Fly Fishing Forum - Reply to Topic
Our Environment We are stewards of wild places

Thread: Mosquitos Reply to Thread
Post Icons
You may choose an icon for your message from the following list:

Register Now

In order to be able to post messages on the Fly Fishing Forum forums, you must first register.
Please enter your desired user name, your email address and other required details in the form below.
User Name:
Please enter a password for your user account. Note that passwords are case-sensitive.
Confirm Password:
Email Address
Please enter a valid email address for yourself.
Email Address:
Home Waters
Your home waters
Current Favorite Fly
If you only had one... (change anytime)


Human Verification

In order to verify that you are a human and not a spam bot, please enter the answer into the following box below based on the instructions contained in the graphic.

Additional Options
Miscellaneous Options

Topic Review (Newest First)
08-08-2002 07:15 PM
Closely related chemical story

I attended a meeting in Alaska regarding Dioxin I bring this up just to point out how small amounts can really hose an unintended critter! (not that Dioxin is intended for anything)
According to young women with PhDs Dioxins in amounts as small as .0063 parts per "Quadrillion" rendered Rainbow trout sterile.
Im pretty sure it is not good for trout to be subjected to many chemicals but how in the hell do you measure an amount that small?
08-08-2002 06:04 PM
mosquitoes vs fish

For my vote, I say what the hell, one or two less old fogies verses wiping out the fish, SAVE THE FISH . Of course, if any bureaucracy has anything to do with it, they will kill off all the fish first and then try and work back towards the mosquitoes! If I were really worried about it, I would just load up on vitamin B12 ( 1000mg/day), Mosquitoes don't like that stuff so they leave you alone and go after someone more to their liking. Kind of like garlic and vampires I guess. But hey, it works. Just don't tell everybody, we need some bait

08-08-2002 03:27 PM
watersprite Lobsters, huh? Yeah, THE BIG PICTURE; the "Circle of Life" sans singing lions and such.

More narrowly focused: the trout/freshwater gamefish food chain, believing the spray is an insecticide and, where is it that mosquitos are born/emerge but waterways such as those where we find these fisheries. Done incorrectly, the local eradication programs which are springing up across the nation may have devastating consequences to these fisheries. Since statistical data (as reported by the media) doesn't yet seem to support malaria epidemic proportions and high human mortality, should we interfere with the process at all? [Concentrate our efforts around retirement homes?]

Just something to think about...

08-08-2002 03:16 PM
John Desjardins WS, I havent heard much about it this year but 2 years ago there was a lot of spraying for this reason in the Boston area. Then last year the state decided to wait until people were infected and nothing much was said about the disease. Heres a link from the state of Mass website on there spraying program. In question #16, they say that the pesticides used do harm fish & bees and should not be used in wetlands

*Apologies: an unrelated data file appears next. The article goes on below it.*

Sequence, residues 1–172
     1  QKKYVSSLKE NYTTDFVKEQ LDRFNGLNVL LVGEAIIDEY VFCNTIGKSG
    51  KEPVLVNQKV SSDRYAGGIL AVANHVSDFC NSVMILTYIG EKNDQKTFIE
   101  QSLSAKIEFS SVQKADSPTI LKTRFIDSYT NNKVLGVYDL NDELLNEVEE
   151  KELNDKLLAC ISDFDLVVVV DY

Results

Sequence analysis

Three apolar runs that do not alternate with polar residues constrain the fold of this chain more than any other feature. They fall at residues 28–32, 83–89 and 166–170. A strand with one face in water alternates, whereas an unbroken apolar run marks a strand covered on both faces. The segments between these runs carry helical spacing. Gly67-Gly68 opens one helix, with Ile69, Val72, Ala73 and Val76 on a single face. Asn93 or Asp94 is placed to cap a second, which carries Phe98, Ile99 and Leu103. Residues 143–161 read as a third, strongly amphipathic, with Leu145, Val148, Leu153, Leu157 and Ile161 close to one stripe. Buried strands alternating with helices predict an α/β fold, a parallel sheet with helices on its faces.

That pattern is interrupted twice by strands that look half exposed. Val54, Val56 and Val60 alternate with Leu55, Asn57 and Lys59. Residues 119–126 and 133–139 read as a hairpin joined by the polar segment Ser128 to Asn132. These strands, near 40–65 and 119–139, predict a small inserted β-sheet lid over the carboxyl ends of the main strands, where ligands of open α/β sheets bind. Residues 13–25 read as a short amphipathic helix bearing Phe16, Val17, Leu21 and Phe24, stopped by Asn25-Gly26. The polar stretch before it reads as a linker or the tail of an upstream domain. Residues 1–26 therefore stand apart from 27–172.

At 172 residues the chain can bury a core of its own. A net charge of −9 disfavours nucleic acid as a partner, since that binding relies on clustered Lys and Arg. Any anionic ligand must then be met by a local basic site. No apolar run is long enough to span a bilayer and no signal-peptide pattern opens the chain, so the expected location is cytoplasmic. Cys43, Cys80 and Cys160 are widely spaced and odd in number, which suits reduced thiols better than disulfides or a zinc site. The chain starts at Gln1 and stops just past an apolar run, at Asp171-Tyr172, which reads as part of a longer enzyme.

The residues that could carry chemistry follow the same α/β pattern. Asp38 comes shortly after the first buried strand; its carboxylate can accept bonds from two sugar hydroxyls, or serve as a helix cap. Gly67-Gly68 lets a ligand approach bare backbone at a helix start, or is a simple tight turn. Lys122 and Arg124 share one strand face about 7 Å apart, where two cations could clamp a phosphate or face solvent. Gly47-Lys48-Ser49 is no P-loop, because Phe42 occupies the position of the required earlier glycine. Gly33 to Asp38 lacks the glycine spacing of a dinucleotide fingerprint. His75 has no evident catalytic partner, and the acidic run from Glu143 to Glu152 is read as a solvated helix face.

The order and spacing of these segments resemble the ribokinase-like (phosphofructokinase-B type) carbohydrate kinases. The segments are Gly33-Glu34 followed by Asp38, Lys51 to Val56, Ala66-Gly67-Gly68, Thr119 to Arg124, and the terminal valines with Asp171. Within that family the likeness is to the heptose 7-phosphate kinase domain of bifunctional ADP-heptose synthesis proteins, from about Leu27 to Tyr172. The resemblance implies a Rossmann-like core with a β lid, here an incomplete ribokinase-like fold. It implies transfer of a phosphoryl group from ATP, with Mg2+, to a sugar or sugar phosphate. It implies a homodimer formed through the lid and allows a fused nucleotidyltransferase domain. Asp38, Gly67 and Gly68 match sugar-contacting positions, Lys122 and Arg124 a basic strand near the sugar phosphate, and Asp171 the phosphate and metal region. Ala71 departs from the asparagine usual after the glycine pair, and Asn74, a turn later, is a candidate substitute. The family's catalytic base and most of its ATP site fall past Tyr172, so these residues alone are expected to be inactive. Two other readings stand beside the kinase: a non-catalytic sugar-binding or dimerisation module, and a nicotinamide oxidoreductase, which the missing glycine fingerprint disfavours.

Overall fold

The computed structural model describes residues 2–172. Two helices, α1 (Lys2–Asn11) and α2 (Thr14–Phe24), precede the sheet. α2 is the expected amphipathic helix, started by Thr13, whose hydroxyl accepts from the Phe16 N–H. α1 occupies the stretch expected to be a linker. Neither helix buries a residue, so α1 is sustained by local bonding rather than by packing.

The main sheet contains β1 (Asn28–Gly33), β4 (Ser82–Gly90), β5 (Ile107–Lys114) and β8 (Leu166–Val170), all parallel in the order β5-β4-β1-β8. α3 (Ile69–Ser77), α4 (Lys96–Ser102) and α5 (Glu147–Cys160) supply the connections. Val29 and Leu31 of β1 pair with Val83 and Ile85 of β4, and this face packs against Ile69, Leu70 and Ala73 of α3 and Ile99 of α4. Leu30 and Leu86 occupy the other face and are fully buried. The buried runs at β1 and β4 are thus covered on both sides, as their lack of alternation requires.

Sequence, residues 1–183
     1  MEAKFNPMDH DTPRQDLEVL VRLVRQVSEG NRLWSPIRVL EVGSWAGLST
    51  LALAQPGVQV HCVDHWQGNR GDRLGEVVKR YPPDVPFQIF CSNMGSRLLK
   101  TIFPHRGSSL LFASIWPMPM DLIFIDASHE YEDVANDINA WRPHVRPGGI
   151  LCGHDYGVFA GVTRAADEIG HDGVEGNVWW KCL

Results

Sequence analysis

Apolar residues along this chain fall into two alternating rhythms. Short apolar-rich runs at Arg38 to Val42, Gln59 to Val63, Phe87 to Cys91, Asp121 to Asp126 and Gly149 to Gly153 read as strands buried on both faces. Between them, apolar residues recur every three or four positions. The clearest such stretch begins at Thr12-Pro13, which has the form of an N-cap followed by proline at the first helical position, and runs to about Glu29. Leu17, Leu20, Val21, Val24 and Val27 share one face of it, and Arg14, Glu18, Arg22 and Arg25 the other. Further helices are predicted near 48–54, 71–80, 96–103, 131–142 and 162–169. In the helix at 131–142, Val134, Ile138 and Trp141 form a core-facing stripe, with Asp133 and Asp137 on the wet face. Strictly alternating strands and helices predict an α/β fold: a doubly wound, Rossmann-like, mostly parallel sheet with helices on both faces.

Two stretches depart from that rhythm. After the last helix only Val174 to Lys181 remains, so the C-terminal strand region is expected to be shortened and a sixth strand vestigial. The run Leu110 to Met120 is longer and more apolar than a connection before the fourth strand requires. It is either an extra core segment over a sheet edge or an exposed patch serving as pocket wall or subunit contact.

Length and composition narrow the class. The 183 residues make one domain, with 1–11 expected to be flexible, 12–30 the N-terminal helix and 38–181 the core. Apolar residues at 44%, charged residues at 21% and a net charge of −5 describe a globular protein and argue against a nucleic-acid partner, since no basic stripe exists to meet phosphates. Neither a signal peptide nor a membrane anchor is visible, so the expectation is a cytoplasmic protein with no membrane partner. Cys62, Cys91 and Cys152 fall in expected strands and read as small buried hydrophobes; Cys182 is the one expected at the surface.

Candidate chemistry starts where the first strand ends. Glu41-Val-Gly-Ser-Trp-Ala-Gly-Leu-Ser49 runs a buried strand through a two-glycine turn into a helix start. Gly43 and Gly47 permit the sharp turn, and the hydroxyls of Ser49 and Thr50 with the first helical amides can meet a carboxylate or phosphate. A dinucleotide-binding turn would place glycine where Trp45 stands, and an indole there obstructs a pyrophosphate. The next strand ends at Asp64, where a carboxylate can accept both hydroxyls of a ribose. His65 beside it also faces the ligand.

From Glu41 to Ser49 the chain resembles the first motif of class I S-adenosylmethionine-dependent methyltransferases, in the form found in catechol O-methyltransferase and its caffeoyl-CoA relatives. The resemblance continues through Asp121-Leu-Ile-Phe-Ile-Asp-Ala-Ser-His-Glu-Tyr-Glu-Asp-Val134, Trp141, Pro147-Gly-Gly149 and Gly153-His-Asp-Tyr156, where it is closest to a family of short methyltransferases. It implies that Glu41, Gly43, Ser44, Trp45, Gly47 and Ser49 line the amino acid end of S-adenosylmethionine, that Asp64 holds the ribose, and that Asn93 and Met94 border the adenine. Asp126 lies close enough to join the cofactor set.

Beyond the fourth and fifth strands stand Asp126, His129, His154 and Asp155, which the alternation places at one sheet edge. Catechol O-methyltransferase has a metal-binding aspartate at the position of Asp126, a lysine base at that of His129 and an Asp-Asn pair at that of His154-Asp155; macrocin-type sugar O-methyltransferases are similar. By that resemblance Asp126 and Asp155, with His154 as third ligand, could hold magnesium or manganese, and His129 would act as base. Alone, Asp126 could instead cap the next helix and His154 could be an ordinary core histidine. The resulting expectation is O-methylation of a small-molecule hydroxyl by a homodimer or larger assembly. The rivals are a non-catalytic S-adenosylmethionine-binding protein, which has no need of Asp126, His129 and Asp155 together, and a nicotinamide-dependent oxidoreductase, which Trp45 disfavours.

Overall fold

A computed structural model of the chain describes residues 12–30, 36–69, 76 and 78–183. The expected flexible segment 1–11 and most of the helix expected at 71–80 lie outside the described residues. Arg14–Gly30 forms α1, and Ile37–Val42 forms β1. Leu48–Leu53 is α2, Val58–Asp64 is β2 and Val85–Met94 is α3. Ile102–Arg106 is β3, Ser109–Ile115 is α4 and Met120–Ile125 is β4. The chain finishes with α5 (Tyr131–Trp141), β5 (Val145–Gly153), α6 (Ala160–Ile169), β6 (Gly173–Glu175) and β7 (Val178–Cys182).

08-08-2002 03:03 PM
Dble Haul I'm not sure about the effects on trout fishing, but I seem to remember that in the past few years there have been concerns in Long Island Sound about the decline in lobster numbers. The main culprit was suspected to be runoff that included the toxic residue from mosquito spraying, and the spraying was in response to the WNV cases that were popping up in CT (avain, not human).

For a while I didn't buy into this, but then I read an article somewhere showing data that the toxins were VERY likely to blame with the lobster issues. Being a research scientist, I'm very skeptical of data, but I found this piece to be compelling. I just wish that I could remember where I read it.

Whether or not it's true, I'd say that it's a safe bet that this spraying is affecting the environment on many more levels than we realize. I could go on and on about viruses and their mutation rates and eventual resistance to toxins, but that's a whole other animal. Suffice it to say that nature has a way of taking care of things.
08-08-2002 02:34 PM

No doubt you have all heard some discussion of the mosquitos-borne Nile virus and efforts to limit its spread through spraying, etc. While acknowledging the saftey concerns, what , if any, may be the environmental issues (re: trout fisheries) from this spraying? In the rush to protect the old folks most susceptible (I guess that would include me) are we imperilling the fisheries? And if we are, is it worth it?


Posting Rules
You may post new threads
You may post replies
You may not post attachments
You may not edit your posts

BB code is On
Smilies are On
[IMG] code is On
HTML code is Off

All times are GMT -5. The time now is 12:59 PM.

vBulletin Security provided by vBSecurity v2.2.2 (Pro) - vBulletin Mods & Addons Copyright © 2017 DragonByte Technologies Ltd.
Copyright (All Rights Reserved)